It appears that economic issues are currently situated in the eye of the storm of political and social debate, and of course, as citizens we have nothing left but to learn. This way, we find out about what the “green sprouts” are and how they have withered, that the crisis has a long way to run, that we suffer the consequences of what they call “cutbacks” and what living a “bailout” really means. It has even reached a point where “risk premium” is common language to everyone.
The objective of economic management- family, autonomous, or national- has always been the fair administration of scarce resources. In the current situation it cannot be denied that we are faced with a considerable shortage of resources, but what is seldom mentioned are the causes and those responsible for this scarcity. This is important, more than ever, now that they are intimately related to the solutions that can be put into action.
The measures that have been adopted up until this date seem to be, almost exclusively, to cut costs. Even though it is a serious issue, it is of less importance than deciding where to make cuts. To try to justify this savage and indiscriminate reduction based on the crisis situation is a weak argument by any reckoning and it highlights the simplistic, reductionist, and short-term vision of those who hold the responsibility of managing public affairs.
It is a simplistic vision because it only focuses on a few measures, ignoring many other possibilities; it is reductionist because it is limited to depriving many millions of people of resources, without valuing the benefits that its development could entail for our own interests, as much in the defense of certain fundamental rights and values, as well as in the purely economic and commercial scope. And finally, it is short-term focused, because it is only inspired by the immediate, not the most important issues but the urgent ones, and only looking toward the next elections.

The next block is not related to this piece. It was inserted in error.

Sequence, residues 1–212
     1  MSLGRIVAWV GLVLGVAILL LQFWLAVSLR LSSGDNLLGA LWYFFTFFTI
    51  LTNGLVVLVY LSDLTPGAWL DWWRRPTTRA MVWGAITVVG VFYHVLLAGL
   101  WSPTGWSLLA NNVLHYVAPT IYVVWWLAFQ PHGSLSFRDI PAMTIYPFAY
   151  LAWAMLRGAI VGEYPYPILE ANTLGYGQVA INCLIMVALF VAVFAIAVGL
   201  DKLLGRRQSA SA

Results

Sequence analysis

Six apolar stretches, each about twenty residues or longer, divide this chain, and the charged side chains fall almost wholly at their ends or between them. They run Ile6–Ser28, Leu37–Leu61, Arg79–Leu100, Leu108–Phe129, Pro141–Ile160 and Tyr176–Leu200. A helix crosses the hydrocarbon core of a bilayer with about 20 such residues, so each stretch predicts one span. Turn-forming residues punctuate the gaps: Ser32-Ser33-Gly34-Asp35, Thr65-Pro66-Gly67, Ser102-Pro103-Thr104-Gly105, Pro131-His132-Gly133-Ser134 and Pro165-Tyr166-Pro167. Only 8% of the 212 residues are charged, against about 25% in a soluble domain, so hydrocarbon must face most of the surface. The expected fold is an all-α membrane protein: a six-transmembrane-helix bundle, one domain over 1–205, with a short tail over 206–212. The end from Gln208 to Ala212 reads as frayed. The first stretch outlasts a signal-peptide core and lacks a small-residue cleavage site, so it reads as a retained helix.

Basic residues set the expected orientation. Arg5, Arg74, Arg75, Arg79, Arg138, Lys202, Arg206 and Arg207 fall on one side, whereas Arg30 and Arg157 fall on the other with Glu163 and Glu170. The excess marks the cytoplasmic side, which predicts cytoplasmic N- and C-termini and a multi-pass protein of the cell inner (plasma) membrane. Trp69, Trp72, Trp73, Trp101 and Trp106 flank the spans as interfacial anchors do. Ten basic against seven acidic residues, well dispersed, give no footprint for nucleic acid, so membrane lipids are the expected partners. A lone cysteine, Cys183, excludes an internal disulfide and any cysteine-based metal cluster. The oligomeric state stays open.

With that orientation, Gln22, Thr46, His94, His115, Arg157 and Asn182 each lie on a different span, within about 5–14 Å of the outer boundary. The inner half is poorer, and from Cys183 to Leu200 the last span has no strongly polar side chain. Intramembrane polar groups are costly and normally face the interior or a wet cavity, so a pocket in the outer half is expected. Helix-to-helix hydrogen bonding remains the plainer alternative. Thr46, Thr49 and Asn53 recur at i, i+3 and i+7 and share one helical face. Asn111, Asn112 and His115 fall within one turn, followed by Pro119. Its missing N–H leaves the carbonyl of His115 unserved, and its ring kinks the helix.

For these reasons, to consider Official Development Aid as a “dispensable cost” is a resounding error, since it is not an expense as much as an investment in the future; and an investment in justice, in equality, in dignity always ends up being profitable in the long run.
President Rajoy now demands that Mrs. Merkel follows through on her commitments and they say that the tone of his demand is increasing. How can you demand this commitment when you systematically break your own with millions of people across the world?
Salud por Derecho cannot watch from the sidelines when the right to health is being questioned in our own country, when thousands of people are thrown out of the insurance system. The measures of cutbacks, adopted by Mr. Rajoy and his government, are unjust and immoral measures. They are unjust because they discriminate against the most vulnerable groups and they are immoral because they attack an essential condition of any human being, their dignity, their right to be treated like any of their fellow human beings and cutting back on dignity always has serious consequences.
Chair Board of Directors